In the International Phonetic Alphabet nasalization is indicated by printing a tilde above the symbol for the sound to be nasalized: [ã] is the nasalized equivalent of [a], and [ṽ] is the nasalized equivalent of [v]. An older IPA subscript diacritic [ą], called an ogonek, is still seen, especially when the vowel bears tone marks that would interfere with the superscript tilde. For example, are more legible in most fonts than .
There are occasional cases where vowels show contrasting degrees of nasality.
Nasalized versions of other consonant sounds also exist, though they are much rarer than either nasal stops or nasal vowels. Some of the South Arabic languages have phonemic nasalized fricatives, such as [z̃], which sounds something like a simultaneous [n] and [z]. The sound written r in Mandarin has an odd history; for example, it has been borrowed into Japanese as both [z] and [n]. It seems likely that it was once a nasalized fricative, perhaps a palatal [ʝ̃]. In the Hupa velar nasal /ŋ/, the tongue often does not make full contact, resulting in a nasalized approximant, [ɰ̃]. This is cognate with a nasalized [ȷ̃] in other Athabaskan languages. In Umbundu, phonemic /ṽ/ contrasts with (allophonically) nasalized [w̃], and so is likely to be a true fricative rather than an approximant.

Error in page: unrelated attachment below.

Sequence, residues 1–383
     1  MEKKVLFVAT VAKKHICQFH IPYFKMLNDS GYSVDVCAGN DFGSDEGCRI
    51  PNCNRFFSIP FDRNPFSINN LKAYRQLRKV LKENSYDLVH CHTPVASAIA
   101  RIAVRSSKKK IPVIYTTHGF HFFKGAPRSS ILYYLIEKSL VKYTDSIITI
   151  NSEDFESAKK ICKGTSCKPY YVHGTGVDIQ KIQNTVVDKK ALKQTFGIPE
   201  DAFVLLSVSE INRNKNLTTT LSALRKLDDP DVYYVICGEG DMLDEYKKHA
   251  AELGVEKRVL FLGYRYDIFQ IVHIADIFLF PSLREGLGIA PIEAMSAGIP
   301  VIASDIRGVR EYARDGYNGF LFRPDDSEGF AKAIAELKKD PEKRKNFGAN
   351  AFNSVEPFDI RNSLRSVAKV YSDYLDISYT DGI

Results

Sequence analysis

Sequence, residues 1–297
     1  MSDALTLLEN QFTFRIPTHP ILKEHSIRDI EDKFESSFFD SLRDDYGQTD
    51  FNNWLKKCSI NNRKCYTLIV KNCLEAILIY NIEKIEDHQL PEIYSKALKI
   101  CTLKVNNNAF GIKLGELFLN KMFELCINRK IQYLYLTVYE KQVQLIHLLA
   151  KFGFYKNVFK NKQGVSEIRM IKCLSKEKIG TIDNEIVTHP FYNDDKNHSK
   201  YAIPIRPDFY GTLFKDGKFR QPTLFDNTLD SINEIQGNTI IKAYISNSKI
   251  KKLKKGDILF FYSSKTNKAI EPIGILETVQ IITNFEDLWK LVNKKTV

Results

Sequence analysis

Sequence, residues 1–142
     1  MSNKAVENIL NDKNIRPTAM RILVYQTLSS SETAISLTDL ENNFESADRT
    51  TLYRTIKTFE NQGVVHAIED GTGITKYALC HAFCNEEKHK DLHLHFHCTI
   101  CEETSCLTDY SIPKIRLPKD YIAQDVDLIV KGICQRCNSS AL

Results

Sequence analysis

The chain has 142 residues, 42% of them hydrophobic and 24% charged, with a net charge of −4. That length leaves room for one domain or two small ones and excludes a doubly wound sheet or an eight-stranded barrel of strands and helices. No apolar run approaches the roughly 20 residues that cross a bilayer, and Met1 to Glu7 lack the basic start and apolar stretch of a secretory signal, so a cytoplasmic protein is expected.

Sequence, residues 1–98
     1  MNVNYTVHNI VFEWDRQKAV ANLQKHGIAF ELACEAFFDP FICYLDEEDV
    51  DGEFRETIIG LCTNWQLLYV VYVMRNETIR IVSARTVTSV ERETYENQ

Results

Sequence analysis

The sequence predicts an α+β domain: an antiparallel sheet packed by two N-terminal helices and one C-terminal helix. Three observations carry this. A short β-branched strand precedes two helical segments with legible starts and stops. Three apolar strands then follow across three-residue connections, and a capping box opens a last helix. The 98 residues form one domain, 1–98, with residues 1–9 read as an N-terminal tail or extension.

Besides nasalized oral fricatives, there are true nasal fricatives, called nareal fricatives, sometimes produced by people with speech defects. That is, the turbulence in the airflow characteristic of fricatives is produced not in the mouth but in the nasal passages. A tilde plus trema diacritic is used for this in the Extensions to the IPA: [n͋] is an alveolar nareal fricative, with no airflow out of the mouth, while [v͋] is an oral fricative (a [v]) with simultaneous nareal frication. No known natural language makes use of nareal consonants.